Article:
|Suitable for general audiences|
|Release date:||23 March 2005|
The creators of Frequency and Amplitude return with an innovative hoverboarding title that uses EyeToy like never before.
Harmonix, creator of the addictive Frequency and Amplitude rhythm action titles, has once again teamed up with SCEE for a completely new kind of EyeToy gaming experience. Unlike other EyeToy games, EyeToy: AntiGrav doesn't put you in the heart of the action; instead, it uses the USB camera to track the movement of your individual body parts and control one of eight hoverboarders as they deftly defy gravity through five futuristic worlds.
EyeToy: AntiGrav puts a new twist on EyeToy's movement recognition technology to first lock onto body parts, and then track them continuously for a unique gaming experience. Simple arm, head, and body movements are all that's needed to make your chosen hoverboard pro race, leap, and perform spectacular stunts through ten hi-tech, elaborately designed tracks filled with obstacles such as flying cars and vast skyscrapers.
Two game modes are available for you to show off your hoverboarding skills: Speed mode sees you blazing a gravity-defying trail, as you attempt to beat fellow boarders in a hectic race, while Style mode challenges you to perform insane tricks and combos to rack up huge scores and unlock bonus items. It's also possible to compete in multiplayer, with each player taking it in turns to compete against the 'ghost' riders that re-enact the previous players' efforts.
- Use EyeToy to control your hoverboarder using just your body
- Eight original characters, all with unique attributes
- Race against other 'boarders in Speed mode, or pull off your best tricks in Style mode
- Features tunes from breakbeat masters Apollo 440
Get fit with EyeToy
Fancy spicing up your fitness regime with a spot of martial arts? Give EyeToy: Kinetic Combat a workout.
The original EyeToy: Kinetic combined the motion-sensing technology of EyeToy with a holistic fitness regime that really worked - and now it has a follow-up in the (perfectly toned) shape of EyeToy: Kinetic Combat. Expanding on its predecessor's aims, Kinetic Combat provides a fresh workout, this time inspired by martial arts - and the results are certainly striking.
The art of Shaolin
It's worth noting that nobody should be put off by use of the term 'combat'. While Kinetic Combat does indeed allow you to take part in simulated sparring sessions, this title focuses on much more than just that, allowing for the expansion of your health and fitness regime while teaching some of the fundamentals of martial arts. The roots of the game rest within the ancient art of Hun Gar Kung Fu, a 17th century discipline used by Shaolin monks and offered in many modern exercise classes. Hun Gar is primarily used for increasing fitness, but also includes a range of kicking, punching and movement techniques that gives a total body work out.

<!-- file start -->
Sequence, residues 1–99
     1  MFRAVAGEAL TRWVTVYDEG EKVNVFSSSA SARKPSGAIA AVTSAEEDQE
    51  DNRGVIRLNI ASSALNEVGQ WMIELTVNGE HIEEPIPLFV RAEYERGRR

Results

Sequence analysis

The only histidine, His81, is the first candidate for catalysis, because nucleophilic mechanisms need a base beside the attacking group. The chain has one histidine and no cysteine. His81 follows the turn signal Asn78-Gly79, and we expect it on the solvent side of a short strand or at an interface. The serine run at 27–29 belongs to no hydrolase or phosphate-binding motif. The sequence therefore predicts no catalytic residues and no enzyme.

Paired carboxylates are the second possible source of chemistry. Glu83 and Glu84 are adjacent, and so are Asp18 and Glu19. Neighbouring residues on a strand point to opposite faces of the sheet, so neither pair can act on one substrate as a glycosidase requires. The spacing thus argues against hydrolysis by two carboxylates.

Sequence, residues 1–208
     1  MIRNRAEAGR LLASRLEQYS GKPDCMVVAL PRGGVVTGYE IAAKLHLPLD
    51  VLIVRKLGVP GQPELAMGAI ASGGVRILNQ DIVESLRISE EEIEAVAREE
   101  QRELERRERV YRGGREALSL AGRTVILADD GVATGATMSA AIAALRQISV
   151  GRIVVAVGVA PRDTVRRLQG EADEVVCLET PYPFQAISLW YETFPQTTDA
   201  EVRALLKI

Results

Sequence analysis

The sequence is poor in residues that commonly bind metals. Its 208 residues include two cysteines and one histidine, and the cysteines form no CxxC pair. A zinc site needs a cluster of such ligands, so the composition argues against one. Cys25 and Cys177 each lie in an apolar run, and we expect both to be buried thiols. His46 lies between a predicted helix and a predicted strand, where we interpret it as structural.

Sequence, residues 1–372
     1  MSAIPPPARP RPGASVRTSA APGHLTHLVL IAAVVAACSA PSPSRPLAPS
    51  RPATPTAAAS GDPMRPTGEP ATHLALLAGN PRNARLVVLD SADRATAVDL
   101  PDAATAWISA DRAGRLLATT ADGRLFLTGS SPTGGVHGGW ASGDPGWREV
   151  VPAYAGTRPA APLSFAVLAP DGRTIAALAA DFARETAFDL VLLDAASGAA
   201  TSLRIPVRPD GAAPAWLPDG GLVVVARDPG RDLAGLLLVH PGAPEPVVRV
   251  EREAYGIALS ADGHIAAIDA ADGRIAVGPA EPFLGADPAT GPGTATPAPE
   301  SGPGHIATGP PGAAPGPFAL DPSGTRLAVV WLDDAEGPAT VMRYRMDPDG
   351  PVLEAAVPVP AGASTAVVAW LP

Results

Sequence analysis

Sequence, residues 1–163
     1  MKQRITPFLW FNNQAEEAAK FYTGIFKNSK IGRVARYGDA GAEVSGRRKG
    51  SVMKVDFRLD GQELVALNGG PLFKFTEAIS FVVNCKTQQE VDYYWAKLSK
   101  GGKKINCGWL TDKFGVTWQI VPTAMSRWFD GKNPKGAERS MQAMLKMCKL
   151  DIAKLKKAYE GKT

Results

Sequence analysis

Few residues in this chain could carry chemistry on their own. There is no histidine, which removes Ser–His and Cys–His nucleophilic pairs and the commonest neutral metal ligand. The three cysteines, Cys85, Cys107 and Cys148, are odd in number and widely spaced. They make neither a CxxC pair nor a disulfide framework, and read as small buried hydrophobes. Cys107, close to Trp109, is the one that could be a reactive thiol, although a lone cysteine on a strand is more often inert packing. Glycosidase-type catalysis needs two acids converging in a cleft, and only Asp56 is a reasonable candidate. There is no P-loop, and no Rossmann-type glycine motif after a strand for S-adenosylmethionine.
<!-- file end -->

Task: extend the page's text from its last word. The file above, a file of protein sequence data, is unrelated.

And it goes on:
As with the original Kinetic, instructors Matt and Anna can be selected to help you through a one-on-one fitness programme, along with a new martial arts specific trainer, Leon. The idea is that you follow your chosen trainer's on-screen moves, matching them via a traced body outline. Your mimicry is tracked by the EyeToy Camera, allowing the game to notice if you are performing a move correctly, and provide personal feedback on your performance.
With over 200 separate Hung Gar Kung Fu moves, the routine is separated into four animal styles; dragon (a gentle introduction), tiger (strength through cardiovascular fitness), mantis (agility and balance), and phoenix (a combination of all prior lessons). Once a specific set of moves is learned, Kinetic Combat tests you via a series of mini-games like hitting on-screen sensors using your newly acquired techniques, and sparring sessions against the relevant animal opponent. Each one comprehensively gauges your skills, forcing you to duck, weave and strike your way to a better grade.
An inexhaustible trainer
Kinetic Combat is wonderfully professional, and despite its relatively serious fitness slant, plenty of fun. There's plenty of scope to enjoy it in the way that suits you best, too: Personal Trainer Mode takes you through a 16-week fitness programme, Freestyle allows for a more custom-built workout, the Quick Play mode contains a number of one-off games that can be played competitively against friends and family, offering a less goal-oriented way of getting exercise.
It works perfectly towards providing something for those looking to increase their exercise routine, or just get fit without hassle. Kinetic Combat's interactivity and feedback options provide a more personalised work out than a fitness DVD, and there's none of the irritating predictability that comes with the typical exercise video.
EyeToy: Kinetic Combat ticks all the right boxes; it's deep, fresh, involving and teaches something that's not only fun but beneficial. Who says videogames are unhealthy? This should certainly change a fair few minds - and bodies - for the better.